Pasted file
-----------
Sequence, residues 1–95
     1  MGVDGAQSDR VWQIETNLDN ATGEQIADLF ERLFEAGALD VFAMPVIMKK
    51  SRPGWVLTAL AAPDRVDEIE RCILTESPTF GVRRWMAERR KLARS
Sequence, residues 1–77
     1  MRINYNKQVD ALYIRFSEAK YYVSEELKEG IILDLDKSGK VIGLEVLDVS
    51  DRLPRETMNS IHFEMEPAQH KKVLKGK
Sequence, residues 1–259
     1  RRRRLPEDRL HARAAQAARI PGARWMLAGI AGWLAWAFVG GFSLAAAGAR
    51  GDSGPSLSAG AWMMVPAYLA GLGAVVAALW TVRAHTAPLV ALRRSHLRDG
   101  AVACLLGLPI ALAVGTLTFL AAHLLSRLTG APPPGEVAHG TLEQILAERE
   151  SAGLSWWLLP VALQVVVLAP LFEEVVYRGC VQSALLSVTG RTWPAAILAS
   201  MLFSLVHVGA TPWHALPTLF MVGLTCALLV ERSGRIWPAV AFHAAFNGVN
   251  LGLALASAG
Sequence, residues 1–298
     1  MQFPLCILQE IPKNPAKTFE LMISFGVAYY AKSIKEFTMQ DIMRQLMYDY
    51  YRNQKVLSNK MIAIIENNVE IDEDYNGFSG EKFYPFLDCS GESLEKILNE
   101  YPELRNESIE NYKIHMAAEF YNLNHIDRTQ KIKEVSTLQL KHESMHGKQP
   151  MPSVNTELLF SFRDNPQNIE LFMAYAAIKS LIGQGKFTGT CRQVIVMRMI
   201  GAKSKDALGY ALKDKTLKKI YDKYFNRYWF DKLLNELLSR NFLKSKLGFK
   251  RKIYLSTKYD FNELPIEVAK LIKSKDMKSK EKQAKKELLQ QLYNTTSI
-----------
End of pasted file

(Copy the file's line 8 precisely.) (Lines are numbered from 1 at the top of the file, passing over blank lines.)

     1  RRRRLPEDRL HARAAQAARI PGARWMLAGI AGWLAWAFVG GFSLAAAGAR